Scotsman critics’ choice: Five must-see shows on this week

Arthur Melville: Adventures in Colour. Picture: Jane Barlow

Arthur Melville: Adventures in Colour. Picture: Jane Barlow

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THE Scotsman’s arts critics round up their must-see films, theatre and concerts for the next week

POP: The Charlatans

The Charlatans, above, are often characterised as indie survivors, having weathered changing trends and come through their unfair share of band tragedy to emerge indestructible more than a quarter of a century on. Current album Modern Nature is one of their more inspired efforts, the kind of music you would expect these mature indie kids to produce, especially in response to the death of their beloved drummer Jon Brookes. Fiona Shepherd

Usher Hall, Edinburgh, 14 December, 0131-228 1155; Caird Hall, Dundee, 15 December, 01382 434451

THEATRE: Tracks Of The Winter Bear

Once again, the Traverse offers an alternative to the panto season with a full-blown mainstage theatre production; and this time it’s a double bill of winter love stories written by two of Scotland’s leading playwrights, Stephen Greenhorn of Passing Places and Sunshine On Leith, and Rona Munro, author of The James Plays. Billed as “two plays, one inspiration, a seasonal tale of lovers, loners and carnivores,” the plays are directed by Traverse associate Zinnie Harris and artistic director Orla O’Loughlin; and David Paul Jones provides the music, for what should be a magical evening of Christmas theatre, for grown-ups. Joyce McMillan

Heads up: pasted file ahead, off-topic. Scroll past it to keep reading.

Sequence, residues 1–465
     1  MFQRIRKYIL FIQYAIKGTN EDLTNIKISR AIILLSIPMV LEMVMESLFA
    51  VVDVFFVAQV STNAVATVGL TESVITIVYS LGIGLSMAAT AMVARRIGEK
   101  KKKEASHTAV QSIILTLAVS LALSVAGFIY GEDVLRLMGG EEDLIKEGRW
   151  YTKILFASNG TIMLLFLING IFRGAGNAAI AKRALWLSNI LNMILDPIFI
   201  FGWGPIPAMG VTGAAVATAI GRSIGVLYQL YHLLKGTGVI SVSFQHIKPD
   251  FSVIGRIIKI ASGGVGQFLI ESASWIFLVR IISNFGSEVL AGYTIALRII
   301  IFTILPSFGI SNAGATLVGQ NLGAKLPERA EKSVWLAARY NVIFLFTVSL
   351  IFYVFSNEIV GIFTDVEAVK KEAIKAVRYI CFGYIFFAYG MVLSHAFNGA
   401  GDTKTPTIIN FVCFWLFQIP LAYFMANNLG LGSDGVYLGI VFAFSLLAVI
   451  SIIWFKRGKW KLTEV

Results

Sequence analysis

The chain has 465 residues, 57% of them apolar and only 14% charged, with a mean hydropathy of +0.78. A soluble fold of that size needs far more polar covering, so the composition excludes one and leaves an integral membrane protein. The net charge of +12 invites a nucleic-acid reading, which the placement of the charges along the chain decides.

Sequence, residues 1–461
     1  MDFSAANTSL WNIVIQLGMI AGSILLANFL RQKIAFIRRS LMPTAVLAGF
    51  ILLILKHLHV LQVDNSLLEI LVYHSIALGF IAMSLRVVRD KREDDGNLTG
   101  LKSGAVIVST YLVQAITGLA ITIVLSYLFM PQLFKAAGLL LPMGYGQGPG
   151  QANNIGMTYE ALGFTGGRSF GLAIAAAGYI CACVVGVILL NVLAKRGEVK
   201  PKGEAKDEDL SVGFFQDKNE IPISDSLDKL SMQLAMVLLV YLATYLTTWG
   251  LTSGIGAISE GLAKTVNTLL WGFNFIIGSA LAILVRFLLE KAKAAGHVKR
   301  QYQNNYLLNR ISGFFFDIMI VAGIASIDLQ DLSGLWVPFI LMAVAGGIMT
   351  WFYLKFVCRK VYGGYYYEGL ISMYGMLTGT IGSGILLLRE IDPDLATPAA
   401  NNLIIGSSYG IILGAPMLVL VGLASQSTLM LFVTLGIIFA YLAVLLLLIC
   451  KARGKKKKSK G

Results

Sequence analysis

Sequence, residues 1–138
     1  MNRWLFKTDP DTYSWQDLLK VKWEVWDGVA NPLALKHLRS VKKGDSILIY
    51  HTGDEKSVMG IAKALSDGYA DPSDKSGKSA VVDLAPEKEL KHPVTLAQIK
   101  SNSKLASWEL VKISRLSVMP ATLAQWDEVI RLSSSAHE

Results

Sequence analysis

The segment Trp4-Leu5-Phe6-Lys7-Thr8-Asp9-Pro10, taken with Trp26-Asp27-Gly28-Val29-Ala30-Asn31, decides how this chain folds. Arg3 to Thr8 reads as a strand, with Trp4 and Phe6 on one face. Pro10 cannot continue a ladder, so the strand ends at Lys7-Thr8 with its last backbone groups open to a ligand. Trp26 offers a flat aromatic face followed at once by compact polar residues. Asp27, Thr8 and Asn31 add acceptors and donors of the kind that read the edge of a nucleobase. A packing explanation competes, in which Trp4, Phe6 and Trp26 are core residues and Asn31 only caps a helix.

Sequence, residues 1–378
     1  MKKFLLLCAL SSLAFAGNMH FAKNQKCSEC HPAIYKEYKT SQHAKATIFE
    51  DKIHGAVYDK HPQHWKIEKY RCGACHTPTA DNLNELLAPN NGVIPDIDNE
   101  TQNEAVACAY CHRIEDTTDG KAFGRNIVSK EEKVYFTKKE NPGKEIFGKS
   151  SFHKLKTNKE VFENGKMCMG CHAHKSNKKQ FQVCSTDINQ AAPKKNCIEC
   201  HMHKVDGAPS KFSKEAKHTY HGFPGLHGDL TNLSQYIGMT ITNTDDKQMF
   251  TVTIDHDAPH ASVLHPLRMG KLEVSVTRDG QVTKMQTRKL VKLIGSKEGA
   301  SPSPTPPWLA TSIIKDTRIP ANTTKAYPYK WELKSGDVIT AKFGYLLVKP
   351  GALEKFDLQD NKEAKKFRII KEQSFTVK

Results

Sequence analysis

Traverse Theatre, Edinburgh, until 24 December, 0131-228 1404

ART: Arthur Melville: Adventures In Colour

Arthur Melville is the great unsung hero of Scottish art. His wonderful show at the National Gallery, right, is an eye-opener and certainly one of the top shows of the year. Make it a Christmas treat, or at least don’t let time slip by till you find you have missed it. It’s only on till 17 January. Duncan Macmillan

Scottish National Gallery, Edinburgh, until 17 January, 0131-624 6200

CLASSICAL: SCO & Llyr Williams

Familiar faces and some great music to go with them in this week’s SCO concert. It features violinist Alexander Janiczek as soloist/director in Mozart’s bubbly Violin Concerto in B flat and Rondo Concertante, and the other star guest is pianist Llyr Williams, bringing his uniquely intense interpretational style to Beethoven’s Piano Concerto No 3. CPE Bach’s Symphony in E flat opens the programme. Ken Walton

Queen’s Hall, Edinburgh, 17 December, 0131-668 2019; City Halls, Glasgow, 18 December, 0141-353 8000; Aberdeen Music Hall, 19 December, 01224 641122

FILM: I Do?

It’s coming up for a year since same-sex marriage was legalised in Scotland and to mark the occasion the Scottish Queer International Film Festival (SQIFF) have teamed up with the BFI for a short season of screenings linked to the latter’s ongoing “Love” season. I Do? kicks off with Fire, the first gay-themed commercial movie to be made in India, and follows on with a shorts programme that includes Homotopia, a radical queer rejection of the very idea of marriage. The season draws to a close on the actual anniversary with screenings of Cloudburst and the ace Annette Bening/Julianne Moore film The Kids Are All Right. Alistair Harkness

Various venues in Glasgow, Edinburgh, Orkney and Inverness, 13-16 December, www.bfi.org.uk/love

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